In 2005 when Michael entered Catapano Dairy Farm Chevre in the American Cheese Society annual competition and won first prize for best goat cheese in the USA, the couple once again needed to reconsider their approach to the business. Success required further investment and expansion.

“We were so happy but we were so not prepared for it,” says Karen. “Now all these droves of people from New York City were coming out. At 2 o’clock on Saturday, I’d be totally out of cheese. We put all our efforts into finding a new property. Either that, or we’d have to give it up.”

They established the current dairy in Peconic in 2006 and are now beginning their fourth season on the property. Large roaming pens are home to 96 goats including Saanen and Alpine breeds. Gentle kids with pristine white coats welcome visitors at the fence line. There is a state-of-the-art dairy kitchen on the premises.

Catapano Dairy Farm is home to 96 goats and a state-of-the-art dairy kitchen.
“There is no other place like this, because of the uniqueness of being on the North Fork, and in a lot of ways, we did it at the right time, because now goat cheese is really cool,” says Karen.

How does Catapano Dairy achieve its luscious, award-winning flavor? “The food is of paramount importance,” says Karen. “I think that’s why we won, because we feed the goats so carefully.” Similar to other aspects of the operation, they found the right nutritional balance with some experimentation.

“The feed is not only important for the taste of the cheese, it’s important for the health of the goat and the whole backside of it that people don’t see,” she explains. “I actually hired a goat nutritionist, and she came and did a whole protein analysis of the hay and matched the grains accordingly and added the vitamins in for me.”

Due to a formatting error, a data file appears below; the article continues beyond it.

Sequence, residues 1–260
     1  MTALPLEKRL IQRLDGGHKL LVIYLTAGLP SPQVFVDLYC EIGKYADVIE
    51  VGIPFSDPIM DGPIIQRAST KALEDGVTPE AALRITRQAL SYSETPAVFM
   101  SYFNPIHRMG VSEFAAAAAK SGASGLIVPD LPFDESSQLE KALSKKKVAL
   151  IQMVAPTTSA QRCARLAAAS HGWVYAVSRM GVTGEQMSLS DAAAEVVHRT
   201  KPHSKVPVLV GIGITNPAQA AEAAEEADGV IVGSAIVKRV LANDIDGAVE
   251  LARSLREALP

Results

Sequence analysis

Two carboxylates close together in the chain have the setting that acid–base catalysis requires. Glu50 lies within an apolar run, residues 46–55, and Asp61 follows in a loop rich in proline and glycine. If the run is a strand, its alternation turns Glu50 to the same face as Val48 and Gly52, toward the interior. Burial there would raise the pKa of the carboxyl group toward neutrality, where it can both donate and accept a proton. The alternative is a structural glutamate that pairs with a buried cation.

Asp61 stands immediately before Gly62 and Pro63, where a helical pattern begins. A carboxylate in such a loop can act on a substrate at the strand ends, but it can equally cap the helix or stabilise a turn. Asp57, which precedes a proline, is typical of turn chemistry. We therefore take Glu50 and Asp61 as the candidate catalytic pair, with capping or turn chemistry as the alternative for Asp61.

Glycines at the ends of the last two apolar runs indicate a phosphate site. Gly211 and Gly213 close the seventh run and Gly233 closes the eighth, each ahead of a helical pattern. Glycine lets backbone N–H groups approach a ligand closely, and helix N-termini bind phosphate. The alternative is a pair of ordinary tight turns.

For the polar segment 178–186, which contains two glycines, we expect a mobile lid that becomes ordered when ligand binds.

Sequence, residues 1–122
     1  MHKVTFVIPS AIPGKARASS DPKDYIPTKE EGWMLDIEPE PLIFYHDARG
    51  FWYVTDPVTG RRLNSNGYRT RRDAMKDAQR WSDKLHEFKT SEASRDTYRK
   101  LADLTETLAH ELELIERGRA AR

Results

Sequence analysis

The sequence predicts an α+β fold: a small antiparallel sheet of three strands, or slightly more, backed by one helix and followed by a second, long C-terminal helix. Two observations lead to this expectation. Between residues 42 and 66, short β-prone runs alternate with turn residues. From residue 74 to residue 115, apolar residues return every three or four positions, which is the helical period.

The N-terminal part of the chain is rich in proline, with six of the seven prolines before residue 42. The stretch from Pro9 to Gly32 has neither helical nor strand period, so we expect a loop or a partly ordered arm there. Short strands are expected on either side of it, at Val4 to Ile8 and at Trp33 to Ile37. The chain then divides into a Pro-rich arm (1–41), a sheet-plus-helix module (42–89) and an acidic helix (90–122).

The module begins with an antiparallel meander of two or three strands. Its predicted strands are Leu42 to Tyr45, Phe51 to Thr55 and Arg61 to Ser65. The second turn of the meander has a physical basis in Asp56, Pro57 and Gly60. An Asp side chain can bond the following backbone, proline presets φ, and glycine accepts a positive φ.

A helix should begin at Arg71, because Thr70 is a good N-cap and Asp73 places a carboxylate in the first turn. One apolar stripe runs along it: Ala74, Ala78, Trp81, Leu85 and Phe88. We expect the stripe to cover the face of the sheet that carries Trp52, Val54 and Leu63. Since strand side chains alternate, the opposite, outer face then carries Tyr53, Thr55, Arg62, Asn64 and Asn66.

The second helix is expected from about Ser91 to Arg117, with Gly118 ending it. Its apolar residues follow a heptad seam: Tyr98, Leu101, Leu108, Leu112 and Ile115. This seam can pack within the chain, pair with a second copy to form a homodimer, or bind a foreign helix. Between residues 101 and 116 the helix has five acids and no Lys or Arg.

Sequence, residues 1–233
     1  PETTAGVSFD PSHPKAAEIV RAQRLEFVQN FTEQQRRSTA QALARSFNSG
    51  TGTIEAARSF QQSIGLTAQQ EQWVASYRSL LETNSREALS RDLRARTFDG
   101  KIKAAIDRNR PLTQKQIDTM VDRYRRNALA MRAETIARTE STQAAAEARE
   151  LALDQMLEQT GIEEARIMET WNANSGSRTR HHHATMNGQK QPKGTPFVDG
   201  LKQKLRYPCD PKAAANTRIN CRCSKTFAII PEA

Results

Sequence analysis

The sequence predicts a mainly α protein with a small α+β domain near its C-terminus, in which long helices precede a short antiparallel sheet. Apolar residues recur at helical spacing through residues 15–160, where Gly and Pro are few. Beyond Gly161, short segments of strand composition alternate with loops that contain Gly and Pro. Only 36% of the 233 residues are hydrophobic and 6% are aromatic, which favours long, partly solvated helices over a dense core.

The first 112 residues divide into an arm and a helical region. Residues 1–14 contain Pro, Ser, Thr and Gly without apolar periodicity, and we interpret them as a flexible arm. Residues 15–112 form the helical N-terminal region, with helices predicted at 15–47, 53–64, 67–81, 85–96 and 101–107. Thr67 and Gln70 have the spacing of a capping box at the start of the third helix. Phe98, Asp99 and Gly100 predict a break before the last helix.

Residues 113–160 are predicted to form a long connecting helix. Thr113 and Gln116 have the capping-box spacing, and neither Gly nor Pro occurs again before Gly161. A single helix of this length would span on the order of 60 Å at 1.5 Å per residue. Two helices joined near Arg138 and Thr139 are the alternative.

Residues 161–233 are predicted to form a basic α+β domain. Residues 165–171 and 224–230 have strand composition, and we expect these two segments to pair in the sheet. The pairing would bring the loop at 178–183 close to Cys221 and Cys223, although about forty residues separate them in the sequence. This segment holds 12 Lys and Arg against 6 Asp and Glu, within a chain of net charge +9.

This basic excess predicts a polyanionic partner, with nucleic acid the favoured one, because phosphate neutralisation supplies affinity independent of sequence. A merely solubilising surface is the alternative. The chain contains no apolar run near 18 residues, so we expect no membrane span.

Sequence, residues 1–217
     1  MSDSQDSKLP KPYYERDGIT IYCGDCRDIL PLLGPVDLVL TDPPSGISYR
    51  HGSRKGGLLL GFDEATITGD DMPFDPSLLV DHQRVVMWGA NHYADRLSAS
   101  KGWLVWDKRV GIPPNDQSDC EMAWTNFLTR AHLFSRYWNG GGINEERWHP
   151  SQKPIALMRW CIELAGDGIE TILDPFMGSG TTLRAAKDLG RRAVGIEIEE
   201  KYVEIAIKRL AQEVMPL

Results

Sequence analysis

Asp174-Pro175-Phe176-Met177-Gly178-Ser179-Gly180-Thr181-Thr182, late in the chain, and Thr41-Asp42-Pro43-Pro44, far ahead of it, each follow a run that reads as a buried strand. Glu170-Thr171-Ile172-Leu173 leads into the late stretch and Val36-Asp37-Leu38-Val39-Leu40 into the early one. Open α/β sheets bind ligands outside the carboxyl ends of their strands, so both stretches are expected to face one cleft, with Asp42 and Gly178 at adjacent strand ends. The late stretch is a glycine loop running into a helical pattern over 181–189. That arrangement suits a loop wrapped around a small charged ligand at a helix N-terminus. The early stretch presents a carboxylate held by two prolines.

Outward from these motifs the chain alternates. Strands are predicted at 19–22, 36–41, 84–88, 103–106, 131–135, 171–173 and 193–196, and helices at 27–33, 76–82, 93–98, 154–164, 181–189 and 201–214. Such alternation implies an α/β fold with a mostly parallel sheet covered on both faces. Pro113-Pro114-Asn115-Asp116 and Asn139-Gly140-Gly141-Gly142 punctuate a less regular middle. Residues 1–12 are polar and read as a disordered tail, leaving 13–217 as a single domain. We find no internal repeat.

The herd of goats at Catapano Dairy Farm includes white Saanen and Alpine breeds.

Of course, the skill of the cheese maker is a significant factor in the flavor. Michael Catapano maintains a medical practice to support the farm, and creates the award-winning cheeses. His “Peconic Mist” blue cheese was awarded first place in the American Cheese Society’s 2008 competition. He is constantly testing new recipes.

“He is never bored,” says Karen. “He has everything written down, and he loves his variables. It’s like a big chemistry experiment for him. This is his passion.”

Their favorite cheese recipe has yet to be sold. Michael has been experimenting and has produced seven huge wheels of an Italian-style Parmigiano-Reggiano.

“It’s to die for, but he’s not had the time and we haven’t had the surplus of milk to make it,” says Karen. “I think this new cheese is probably going to be our favorite.”

During the winter months, the couple tends to repairs, and Karen is kept busy with “kidding season” in early spring. She also produces a line of handcrafted soap and skin care products called “The Delicate Doe.” Goat milk is rich in proteins and naturally occurring fats which makes it an excellent moisturizer.

Their reputation continues to grow. Catapano Cheese is offered as a cheese share at the Sang Lee Organic Farm and will be sold this summer at a regional food market just opened at the South Street Seaport in New York City. North Fork restaurants offer the cheese on their menus and one even features a Catapano Burger. Karen and Michael Catapano have earned their place in the agricultural fabric of Long Island’s North Fork.

Pristine white Catapano goats greet visitors.

“When you see our cheese, I think that you think of Catapano Dairy Farm, a small goat dairy in the heart of wine country,” says Karen. “That’s really what we are.”